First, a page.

Free tax preparation for qualifying low-income families and individuals is back at Cal State Fullerton this year, thanks to more than 80 IRS-certified student volunteers from Mihaylo College of Business and Economics working through the Volunteer Income Tax Assistance program.
VITA is a national IRS program, and volunteers are required to attend two or three days of training and pass an exam to become certified to process taxes.
Jon Durrant, adviser for the CSUF VITA program and assistant professor of accounting, explains that most of the student volunteers hope to pursue a career in taxation or use the experience to see if they are interested in one.
It's a big commitment, though. In total, volunteers provide over 2,500 hours of service and process over 900 returns each tax season.
Tracy Huynh, vice president of communication for CSUF's student VITA organization and senior in business administration-accounting, initially wasn't sure what area of accounting she wanted to work in, but taxes piqued her interest. "I thought it would be a great idea to gain some hands-on experience in this area," she says.
By working on returns and seeing what a typical day for a tax preparer is like, Huynh felt better prepared for the tax courses in her major and landed an internship at RSM, a large public accounting firm.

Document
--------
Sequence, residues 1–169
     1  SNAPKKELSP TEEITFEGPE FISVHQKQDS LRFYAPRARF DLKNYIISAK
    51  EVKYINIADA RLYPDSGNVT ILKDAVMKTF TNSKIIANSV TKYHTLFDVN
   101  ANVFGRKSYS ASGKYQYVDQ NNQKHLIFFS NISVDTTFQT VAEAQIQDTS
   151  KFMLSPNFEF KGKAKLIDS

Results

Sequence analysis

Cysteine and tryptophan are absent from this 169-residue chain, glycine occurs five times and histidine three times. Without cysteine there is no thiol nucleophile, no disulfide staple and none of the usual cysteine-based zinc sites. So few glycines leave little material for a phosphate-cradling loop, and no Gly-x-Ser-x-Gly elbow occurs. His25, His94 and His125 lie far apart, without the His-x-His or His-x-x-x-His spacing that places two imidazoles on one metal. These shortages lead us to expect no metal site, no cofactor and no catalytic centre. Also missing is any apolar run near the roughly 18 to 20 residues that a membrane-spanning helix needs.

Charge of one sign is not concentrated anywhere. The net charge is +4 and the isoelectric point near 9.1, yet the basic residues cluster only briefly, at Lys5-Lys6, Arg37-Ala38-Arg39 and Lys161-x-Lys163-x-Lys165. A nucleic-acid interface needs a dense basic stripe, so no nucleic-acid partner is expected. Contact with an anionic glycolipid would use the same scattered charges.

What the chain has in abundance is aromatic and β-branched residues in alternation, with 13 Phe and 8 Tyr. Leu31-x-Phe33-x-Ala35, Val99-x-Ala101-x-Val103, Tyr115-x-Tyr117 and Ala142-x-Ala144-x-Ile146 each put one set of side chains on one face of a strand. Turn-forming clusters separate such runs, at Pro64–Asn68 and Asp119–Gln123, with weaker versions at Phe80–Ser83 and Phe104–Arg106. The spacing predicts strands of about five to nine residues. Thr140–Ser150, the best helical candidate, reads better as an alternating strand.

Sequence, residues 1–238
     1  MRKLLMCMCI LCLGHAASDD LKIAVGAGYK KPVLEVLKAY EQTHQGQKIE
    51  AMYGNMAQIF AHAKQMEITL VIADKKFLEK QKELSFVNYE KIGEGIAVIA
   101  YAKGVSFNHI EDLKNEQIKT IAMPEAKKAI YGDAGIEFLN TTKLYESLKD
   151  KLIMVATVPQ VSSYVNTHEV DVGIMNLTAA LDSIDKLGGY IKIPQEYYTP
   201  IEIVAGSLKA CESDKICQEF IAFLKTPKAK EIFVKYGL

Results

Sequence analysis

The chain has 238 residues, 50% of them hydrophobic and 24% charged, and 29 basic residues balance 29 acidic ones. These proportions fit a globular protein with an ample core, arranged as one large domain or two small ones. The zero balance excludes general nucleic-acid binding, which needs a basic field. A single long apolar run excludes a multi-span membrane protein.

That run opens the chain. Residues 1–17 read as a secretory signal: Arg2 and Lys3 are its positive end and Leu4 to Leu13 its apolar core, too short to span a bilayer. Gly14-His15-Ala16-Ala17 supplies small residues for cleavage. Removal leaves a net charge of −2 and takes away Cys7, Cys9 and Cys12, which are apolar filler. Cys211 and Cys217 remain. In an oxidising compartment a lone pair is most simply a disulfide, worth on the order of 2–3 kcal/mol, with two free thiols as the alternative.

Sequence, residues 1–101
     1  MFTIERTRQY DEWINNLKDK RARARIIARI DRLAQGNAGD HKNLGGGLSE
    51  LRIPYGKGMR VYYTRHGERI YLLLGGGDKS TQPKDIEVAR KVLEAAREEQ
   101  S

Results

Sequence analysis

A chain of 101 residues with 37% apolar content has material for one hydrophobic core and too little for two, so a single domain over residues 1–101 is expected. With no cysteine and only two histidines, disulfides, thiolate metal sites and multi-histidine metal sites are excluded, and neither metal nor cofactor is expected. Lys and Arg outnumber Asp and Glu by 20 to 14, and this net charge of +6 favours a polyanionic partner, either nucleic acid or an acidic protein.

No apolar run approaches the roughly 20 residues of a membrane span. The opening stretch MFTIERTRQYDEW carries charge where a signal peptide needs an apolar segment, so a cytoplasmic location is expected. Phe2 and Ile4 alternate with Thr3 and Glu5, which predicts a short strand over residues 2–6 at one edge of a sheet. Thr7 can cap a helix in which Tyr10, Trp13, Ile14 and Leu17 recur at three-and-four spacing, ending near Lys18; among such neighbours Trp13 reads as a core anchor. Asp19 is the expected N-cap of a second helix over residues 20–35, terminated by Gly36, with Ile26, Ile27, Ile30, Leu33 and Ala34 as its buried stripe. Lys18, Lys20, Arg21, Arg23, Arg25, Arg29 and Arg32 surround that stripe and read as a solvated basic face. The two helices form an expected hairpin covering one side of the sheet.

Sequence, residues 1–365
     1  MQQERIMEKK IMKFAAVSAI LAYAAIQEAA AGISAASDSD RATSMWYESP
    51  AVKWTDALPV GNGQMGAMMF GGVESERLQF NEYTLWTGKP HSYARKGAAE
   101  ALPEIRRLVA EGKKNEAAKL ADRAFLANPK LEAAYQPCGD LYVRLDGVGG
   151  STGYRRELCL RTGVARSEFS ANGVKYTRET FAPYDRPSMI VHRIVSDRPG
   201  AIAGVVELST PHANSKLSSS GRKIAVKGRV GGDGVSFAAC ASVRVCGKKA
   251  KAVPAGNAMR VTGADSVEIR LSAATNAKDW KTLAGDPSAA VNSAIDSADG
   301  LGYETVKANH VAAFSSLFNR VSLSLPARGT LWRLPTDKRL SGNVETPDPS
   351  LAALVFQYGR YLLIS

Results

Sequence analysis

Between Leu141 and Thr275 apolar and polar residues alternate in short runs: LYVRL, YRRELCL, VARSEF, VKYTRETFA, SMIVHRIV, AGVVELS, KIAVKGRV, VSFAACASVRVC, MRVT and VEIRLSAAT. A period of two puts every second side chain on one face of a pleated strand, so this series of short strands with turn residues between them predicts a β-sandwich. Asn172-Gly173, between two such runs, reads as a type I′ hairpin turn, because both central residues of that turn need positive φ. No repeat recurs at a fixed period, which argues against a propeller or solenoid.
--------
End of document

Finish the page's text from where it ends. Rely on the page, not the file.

She also enjoys using her skills to serve the community. "Coming from another country, I felt compassion and a need to help my community," she shares. "A lot of people who utilize VITA resources come from a background similar to mine."
Cherrilyn Gaerlan '19 (M.S. accountancy), who has been involved with VITA for six years, shares Huynh's enthusiasm for helping others. "It's incredibly rewarding. When taxpayers get more in tax refunds and they tell me how much they need the money, I feel like I'm the one receiving the refund!"
VITA helped Gaerlan solidify her desire to become an accounting instructor. As a tax preparer and trainer of other VITA volunteers, she has gained confidence, patience and knowledge in dealing with diverse people and issues, and has been keeping up with the latest changes to the tax code and laws that affect returns.
The good news for taxpayers is that there aren't too many changes for individuals on 2019 taxes relative to 2018, says Durrant. "Perhaps the most significant change is the elimination of the penalty for the individual mandate. The Affordable Care Act required taxpayers to pay a penalty if they didn't have a sufficient level of health insurance or qualify for an exemption. That no longer applies at the federal level."
CSUF VITA offers tax services on a walk-in basis only on Fridays and Saturdays through April 11, 9 a.m. to 4 p.m., in the Education-Classroom Building, Room 008.